Last updated: 4 August 2001

....On the Horns of A Mighty Ram Leading the Zodiacal Herd
** (With a Bonus Listing of Beautiful and Challenging Double and Multiple Stars!) **

From: sherrodc@ipa.net (Clay Sherrod)

This is the 24th Constellation Guide, "GO TO ARIES" of the series "GO TO GUIDES for the ETX, LX 90 and all GO TO Telescope Users. An important "astrological" constellation, Aries represents the FIRST SIGN of the ZODIAC (see the astrological circle shown below), a heavenly Ram that is nearly buried among brighter constellations.


Because of annual precession (the relative positions of celestial objects as we see them changing from Earth due our annual motion of the solar system as the sun moves through the Milky Way as well as the Earth's changing orientation on its axis), Aries is now located beginning at astronomical hour angle roughly 1 hour and 45 minutes, and extends to about 3 hours 30 minutes of Right Ascension. It is so small that it seems almost intentionally "tucked" exactly between declination lines of +10 and +30 degrees.

Although the "number one" zodiacal constellation, this is a very minor area of the sky in terms of bright showcase objects, Messier objects and bright stars. Indeed, it is not even FIRST in the alphabet, being the sixth constellation in that order. Like other constellations that have been discussed in these "GO TO" TOURS of our constellations, Aries is conspicuously absent of: any star brighter than magnitude 2.0; any Messier Object; globular clusters, galactic clusters, planetary nebulae, diffuse nebulae.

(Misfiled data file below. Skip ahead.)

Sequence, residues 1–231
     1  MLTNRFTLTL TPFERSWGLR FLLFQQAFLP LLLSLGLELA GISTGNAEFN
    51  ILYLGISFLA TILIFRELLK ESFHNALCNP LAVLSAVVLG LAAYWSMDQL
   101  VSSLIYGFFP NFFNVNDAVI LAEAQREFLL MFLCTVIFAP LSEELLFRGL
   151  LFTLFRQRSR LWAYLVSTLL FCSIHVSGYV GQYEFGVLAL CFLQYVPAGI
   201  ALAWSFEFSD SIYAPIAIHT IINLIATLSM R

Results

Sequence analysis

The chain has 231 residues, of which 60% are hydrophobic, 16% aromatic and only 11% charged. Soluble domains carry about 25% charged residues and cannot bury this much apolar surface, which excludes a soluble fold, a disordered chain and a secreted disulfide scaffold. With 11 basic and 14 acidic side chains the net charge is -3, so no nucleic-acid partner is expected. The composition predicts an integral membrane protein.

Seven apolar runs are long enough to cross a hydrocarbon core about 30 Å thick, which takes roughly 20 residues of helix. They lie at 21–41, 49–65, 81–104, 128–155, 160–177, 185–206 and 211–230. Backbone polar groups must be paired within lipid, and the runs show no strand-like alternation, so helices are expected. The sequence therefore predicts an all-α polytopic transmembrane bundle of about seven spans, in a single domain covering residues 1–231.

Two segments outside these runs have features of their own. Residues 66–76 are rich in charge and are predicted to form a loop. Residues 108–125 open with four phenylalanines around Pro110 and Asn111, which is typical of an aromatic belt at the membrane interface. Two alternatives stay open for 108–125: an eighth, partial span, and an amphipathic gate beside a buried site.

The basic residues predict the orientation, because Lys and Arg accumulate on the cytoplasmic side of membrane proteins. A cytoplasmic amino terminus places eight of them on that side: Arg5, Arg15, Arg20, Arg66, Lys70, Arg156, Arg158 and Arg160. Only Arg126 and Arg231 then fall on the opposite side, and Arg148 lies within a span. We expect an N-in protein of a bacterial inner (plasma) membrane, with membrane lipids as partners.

The only thing really going for this "RAM" of a constellation is that the ECLIPTIC - the imaginary band in which the sun, moon and planets appear to traverse as we watch them from Earth - pass from the southwest corner to nearly the middle of the eastern side of the constellation.

Indeed, there are ONLY seven NGC objects - all galaxies - that are even distinct enough to view in common (yet large) amateur telescopes. There are two (2) diffuse nebulae....VERY small, but bright enough to be seen in a telescope....that are not even numbered on the NGC catalog: one at 03h 23m / + 30 46 and the other at 03h 25m / + 29 39 (9.0 and 9.3 magnitudes and 4' and 11' arc in diameter, respectively). These are very difficult to spot, in spite of their sizes.

Click for full-size version

There are, however, some very beautiful double stars in Aries and those are the focus of this GO TO guide to this constellation for the most part.

It is not just in modern telescopic times that Aries has been a largely ignored chunk of sky. Even the star cataloger Bode rather "skipped over" the mighty RAM when he compiled his beautifully-illustrated 19th century star atlas. Look at the sample below, which shows the grandeur of Perseus and Andromeda....even the lowly TRIANGLE of Triangulum. But WHERE is Aries the Ram? Not shown. But Bode did, nonetheless, bother to at least "label" the constellation by name if you look hard enough. I have drawn in the white arrows to indicate the stars noted by Bode for the constellation.


Aries (pronounced "AIR-eeez") is rather uninteresting naked eye constellation of fall skies. Like Andromeda, it is in that "quiet zone" that follows the spectacular summer Milky Way clouds and wealth of rich deep sky objects.....yet precedes the equally rich skies of winter, harboring the beautiful and bright constellations of Orion, Taurus, Cassiopeia and Canis Major. To me, Aries has always looked a bit like a ".....crooked dog's hind leg," which probably indicates something significant about my mental health.

Aries rises NORTHEAST for mid-northern latitudes about 9 p.m. local time on about August 16. High in the north, it takes a while to reach the meridian, or highest point in the sky, culminating at 4:15 a.m. on the following morning! However, midnight culmination - when it is on the meridian at midnight each year - occurs always on about October 20.